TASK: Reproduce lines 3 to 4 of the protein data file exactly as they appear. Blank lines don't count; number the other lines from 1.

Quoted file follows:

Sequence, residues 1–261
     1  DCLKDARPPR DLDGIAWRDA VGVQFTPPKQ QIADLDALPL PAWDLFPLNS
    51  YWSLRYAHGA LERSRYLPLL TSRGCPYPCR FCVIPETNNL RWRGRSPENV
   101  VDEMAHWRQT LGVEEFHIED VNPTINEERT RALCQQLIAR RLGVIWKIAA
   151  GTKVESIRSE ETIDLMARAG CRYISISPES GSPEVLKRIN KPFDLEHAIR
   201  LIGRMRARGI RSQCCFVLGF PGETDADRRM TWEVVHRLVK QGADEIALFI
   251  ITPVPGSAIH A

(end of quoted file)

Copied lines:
    51  YWSLRYAHGA LERSRYLPLL TSRGCPYPCR FCVIPETNNL RWRGRSPENV
   101  VDEMAHWRQT LGVEEFHIED VNPTINEERT RALCQQLIAR RLGVIWKIAA